Jan 13, 2020
Courts and Healthcare Policy in 2020
2019 saw court hearings of a number of cases related to the Affordable Care Act (ACA). Several other Trump administration policies were also challenged, including Medicare payment policies, price transparency, how the Medicaid program can change and whether Medicaid beneficiaries can sue over curtailed benefits, and immigration changes affecting access to programs like Medicaid.
In 2020, the courts will continue to play an important role as some cases continue in the process, and potential new lawsuits challenge the administration’s continued effort to change health policy.
Cases Related to the Affordable Care Act
Texas v. United States. The most consequential case related to the ACA is the constitutional challenge to the law. A group of Republican-controlled states and two Texas residents argue that the entire ACA became unconstitutional when Congress eliminated the penalty for individuals who fail to obtain health insurance. Last month, a divided three-judge panel of the 5th U.S. Circuit Court of Appeals issued a ruling stating the individual mandate was unconstitutional because it can no longer be justified as a tax since Congress set the penalty at 0. However, the panel also remanded the case to the lower court to determine what portions of the ACA are or are not severable from the individual mandate.
Now, a coalition of Democratic attorneys general has asked the U.S. Supreme Court to take up the case and not wait for the Texas court to rule on whether some or all of the ACA provisions are so intertwined with the individual mandate that they, too, must be deemed unconstitutional.
Risk corridors. The Supreme Court is already reviewing a third ACA case. It is a challenge brought by health insurance companies seeking $12 billion in “risk corridor payments” that were envisioned by the ACA. The risk corridor program was designed to compensate insurers who lost money in the early years of the exchanges, but congressional Republicans blocked CMS from making most of the promised payments.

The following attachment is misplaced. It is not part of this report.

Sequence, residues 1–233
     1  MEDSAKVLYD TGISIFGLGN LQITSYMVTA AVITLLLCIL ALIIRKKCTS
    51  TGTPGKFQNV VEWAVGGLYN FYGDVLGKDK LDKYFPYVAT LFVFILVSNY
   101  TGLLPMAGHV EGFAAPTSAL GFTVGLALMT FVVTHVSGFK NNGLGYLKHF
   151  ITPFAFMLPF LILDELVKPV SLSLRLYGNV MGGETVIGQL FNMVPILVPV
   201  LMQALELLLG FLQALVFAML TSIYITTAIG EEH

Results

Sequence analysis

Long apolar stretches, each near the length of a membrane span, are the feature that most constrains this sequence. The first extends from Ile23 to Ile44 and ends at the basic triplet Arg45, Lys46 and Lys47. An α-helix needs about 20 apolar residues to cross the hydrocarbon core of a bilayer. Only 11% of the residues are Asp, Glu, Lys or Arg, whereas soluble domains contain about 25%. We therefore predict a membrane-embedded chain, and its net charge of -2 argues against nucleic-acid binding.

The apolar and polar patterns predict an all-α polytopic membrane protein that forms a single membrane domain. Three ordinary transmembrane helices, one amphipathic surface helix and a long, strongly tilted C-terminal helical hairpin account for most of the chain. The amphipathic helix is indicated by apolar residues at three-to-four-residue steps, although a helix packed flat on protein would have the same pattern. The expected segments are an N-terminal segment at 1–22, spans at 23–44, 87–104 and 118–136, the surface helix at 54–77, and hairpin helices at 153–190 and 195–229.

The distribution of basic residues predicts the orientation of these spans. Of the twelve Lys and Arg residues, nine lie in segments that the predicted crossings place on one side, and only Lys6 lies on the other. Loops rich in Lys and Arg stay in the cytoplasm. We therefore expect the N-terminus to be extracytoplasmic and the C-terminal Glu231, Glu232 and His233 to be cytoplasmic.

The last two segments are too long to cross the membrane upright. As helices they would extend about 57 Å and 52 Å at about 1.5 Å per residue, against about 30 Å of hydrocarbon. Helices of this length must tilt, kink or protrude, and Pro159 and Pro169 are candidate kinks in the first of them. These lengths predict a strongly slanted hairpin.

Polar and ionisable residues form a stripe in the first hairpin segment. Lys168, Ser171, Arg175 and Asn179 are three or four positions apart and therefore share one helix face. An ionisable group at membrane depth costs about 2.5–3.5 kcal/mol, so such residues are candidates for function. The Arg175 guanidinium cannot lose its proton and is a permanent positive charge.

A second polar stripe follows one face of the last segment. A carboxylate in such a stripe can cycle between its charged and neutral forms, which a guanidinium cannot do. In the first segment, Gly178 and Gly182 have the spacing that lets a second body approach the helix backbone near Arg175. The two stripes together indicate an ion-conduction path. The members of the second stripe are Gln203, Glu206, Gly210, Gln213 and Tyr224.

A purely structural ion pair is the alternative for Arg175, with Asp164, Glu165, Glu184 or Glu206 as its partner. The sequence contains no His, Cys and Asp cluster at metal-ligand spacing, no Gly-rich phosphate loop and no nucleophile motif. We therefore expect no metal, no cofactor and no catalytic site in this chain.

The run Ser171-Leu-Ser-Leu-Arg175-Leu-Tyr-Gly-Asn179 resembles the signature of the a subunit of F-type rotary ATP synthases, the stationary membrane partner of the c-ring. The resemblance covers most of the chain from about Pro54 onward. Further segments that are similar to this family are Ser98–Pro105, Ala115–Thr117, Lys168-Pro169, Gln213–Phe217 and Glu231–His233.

The court is expected to issue a ruling by June.
Association health plans. One lawsuit challenges the administration’s expansion of association health plans through a Department of Labor rule that seeks to make it easier for small employers to band together and offer plans that do not have to comply with ACA consumer protections. A panel of the U.S. Court of Appeals for the D.C. Circuit heard oral arguments in November. A ruling is expected in the coming months.
Short-term plans. Similar to the association health plan case, this case involves the administration’s expansion of short-term, limited-duration plans, which also need not comply with ACA protections. Briefing in the case is ongoing, and the court has not yet scheduled a date for oral arguments.